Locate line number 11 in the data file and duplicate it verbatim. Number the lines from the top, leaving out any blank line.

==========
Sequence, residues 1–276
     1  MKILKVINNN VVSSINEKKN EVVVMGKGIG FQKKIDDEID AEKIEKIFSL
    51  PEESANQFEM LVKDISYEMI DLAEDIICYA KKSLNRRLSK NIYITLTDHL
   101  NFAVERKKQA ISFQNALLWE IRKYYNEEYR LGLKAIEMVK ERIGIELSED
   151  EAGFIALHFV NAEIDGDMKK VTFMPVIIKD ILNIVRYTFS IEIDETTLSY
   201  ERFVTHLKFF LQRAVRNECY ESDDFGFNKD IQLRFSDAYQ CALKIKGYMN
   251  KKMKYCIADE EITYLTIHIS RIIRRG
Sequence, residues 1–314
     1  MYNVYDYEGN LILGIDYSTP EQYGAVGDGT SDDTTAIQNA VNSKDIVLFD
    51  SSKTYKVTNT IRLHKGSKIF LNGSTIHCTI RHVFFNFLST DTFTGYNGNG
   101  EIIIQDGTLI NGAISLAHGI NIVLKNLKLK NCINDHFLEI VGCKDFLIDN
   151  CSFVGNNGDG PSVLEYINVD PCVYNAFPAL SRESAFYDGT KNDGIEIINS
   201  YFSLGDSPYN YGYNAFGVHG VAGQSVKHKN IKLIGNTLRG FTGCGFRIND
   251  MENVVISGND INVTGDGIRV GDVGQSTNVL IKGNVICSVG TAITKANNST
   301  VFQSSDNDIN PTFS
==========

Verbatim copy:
   101  EIIIQDGTLI NGAISLAHGI NIVLKNLKLK NCINDHFLEI VGCKDFLIDN